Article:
WASHINGTON - With the nomination of Mitt Romney as the Republican presidential candidate, the party Wednesday pledged to renew US “historic” relationship with Pakistan, but called India as “geopolitical ally and a strategic trading partner.”

“The aftermath of the last decade’s conflicts in Iraq and Afghanistan has put enormous pressure on the political and military infrastructure of Pakistan, which faces both internal terrorism and external dangers,” said a manifesto adopted at the Republican Party's convention in Tampa, Florida, ahead of the November national election.

“The working relationship between our two countries is a necessary, though sometimes difficult, benefit to both, and we look toward the renewal of historic ties that have frayed under the weight of international conflict,” said the manifesto, known here as platform, for presidential candidate.

Political observers noted that the Republicans, who in the recent past have taken a tough line against Pakistan, have now chosen to soften their position. The manifesto looks ahead to repairing the strained ties with Pakistan, while underscoring the benefits of the relationship to both countries. The November 6 election will pitch Romney, a wealthy businessman and former Massachusetts governor, against President Barack Obama, in the tight race for the White House that is focusing on the country's deteriorating economy. Opinion polls show Romney running even with or slightly behind the Democratic president.

The Republican Party criticised the Obama administration's decision to withdraw troops from Afghanistan. “The imminent withdrawal from Afghanistan of the 30,000 “surge” troops sent there two years ago comes weeks before this year’s presidential election and against the advice of the current President’s top military commanders.”

Future decisions by a Republican president will never subordinate military necessity to domestic politics or an artificial timetable, it said. “Afghans, Pakistanis, and Americans have a common interest in ridding the region of the Taliban and other insurgent groups, but we cannot expect others to remain resolute unless we show the same determination ourselves.”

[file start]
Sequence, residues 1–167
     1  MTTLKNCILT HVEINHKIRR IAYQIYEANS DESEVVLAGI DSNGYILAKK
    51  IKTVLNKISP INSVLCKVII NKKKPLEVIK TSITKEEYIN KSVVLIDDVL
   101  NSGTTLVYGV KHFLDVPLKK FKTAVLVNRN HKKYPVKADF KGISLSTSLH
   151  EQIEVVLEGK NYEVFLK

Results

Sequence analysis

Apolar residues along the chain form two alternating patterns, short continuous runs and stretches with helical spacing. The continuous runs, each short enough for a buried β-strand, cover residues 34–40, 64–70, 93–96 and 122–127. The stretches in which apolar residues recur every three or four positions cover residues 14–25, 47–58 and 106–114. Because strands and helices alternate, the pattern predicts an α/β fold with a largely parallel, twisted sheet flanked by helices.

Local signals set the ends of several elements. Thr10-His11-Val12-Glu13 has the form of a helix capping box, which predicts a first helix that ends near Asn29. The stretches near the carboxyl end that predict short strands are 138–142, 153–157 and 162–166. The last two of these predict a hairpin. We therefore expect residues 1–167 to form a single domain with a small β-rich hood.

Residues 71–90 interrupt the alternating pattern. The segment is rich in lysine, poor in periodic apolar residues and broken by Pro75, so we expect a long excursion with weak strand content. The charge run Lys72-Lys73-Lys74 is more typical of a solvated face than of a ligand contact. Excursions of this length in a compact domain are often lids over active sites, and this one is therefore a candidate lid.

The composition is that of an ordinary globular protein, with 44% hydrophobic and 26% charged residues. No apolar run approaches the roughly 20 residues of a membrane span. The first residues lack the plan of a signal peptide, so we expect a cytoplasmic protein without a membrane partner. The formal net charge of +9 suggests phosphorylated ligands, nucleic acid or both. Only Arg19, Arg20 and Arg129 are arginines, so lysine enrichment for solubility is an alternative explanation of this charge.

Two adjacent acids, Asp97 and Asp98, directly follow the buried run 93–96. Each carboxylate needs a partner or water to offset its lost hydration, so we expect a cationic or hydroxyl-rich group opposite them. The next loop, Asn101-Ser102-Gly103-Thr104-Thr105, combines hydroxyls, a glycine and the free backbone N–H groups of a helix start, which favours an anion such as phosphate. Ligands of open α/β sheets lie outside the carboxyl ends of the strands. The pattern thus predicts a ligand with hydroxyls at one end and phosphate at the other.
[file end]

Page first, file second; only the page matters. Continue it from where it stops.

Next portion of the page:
The documents emphasized the need for overall improvement in Afghanistan and also highlighted the need for internal reforms in the war-torn country. “We will expect the Afghan government to crack down on corruption, respect free elections, and assist our fight against the narcotic trade that fuels the insurgency.” “We must likewise expect the Pakistan government to sever any connection between its security and intelligence forces and the insurgents. No Pakistani citizen should be punished for helping the United States against the terrorists,” it said in an obvious reference to Dr Shakil Afridi's cooperation with the CIA in tracking down Osama bin Laden.

Broadly setting out the foreign policy towards South Asia, the platform welcomes a stronger relationship with India but also asked New Delhi to be open to foreign investment and trade ties.

“We welcome a stronger relationship with the world’s largest democracy, India, both economic and cultural, as well as in terms of national security. We hereby affirm and declare that India is our geopolitical ally and a strategic trading partner. We encourage India to permit greater foreign investment and trade.”

The convention's opening was pushed back a day by a storm threat, but Republicans wasted no time in condemning Obama's economic record and reminding voters of the stubbornly high national unemployment rate and growing budget deficit.

Reince Priebus, chairman of the Republican National Committee, warned that re-electing Obama would mean “four more years of failure.” “We have a message for America: Elect Mitt Romney and Paul Ryan and they'll get America working again,” he said to loud cheers. “We must send America's comeback team to Washington.”

But as Republicans tried to show a united front against Obama, it was clear on Tuesday that bitter divisions within their party have not been resolved. Supporters of liberal congressman Ron Paul of Texas and other conservative activists briefly disrupted the opening session, booing a decision to unseat Paul delegates from Maine and institute rules changes they believe will weaken their power in the next election cycle.

The rules changes, approved by the convention on a voice vote, will bind delegates to the results of a state-wide vote and reduce the role of smaller state-level conventions where Paul had success. Opponents of the move said that Romney's operatives and the party's establishment were trying to freeze them out. Some noted that in the state-by-state roll call of delegates to count votes for the presidential nomination, only Romney's vote totals were announced from the podium.

“We were disenfranchised by our party. We won't participate with this chaos,” said Russell Montgomery, 52, of St George, Maine. “We won't legitimise this fiasco. This is as bad as the other party - the corruption.”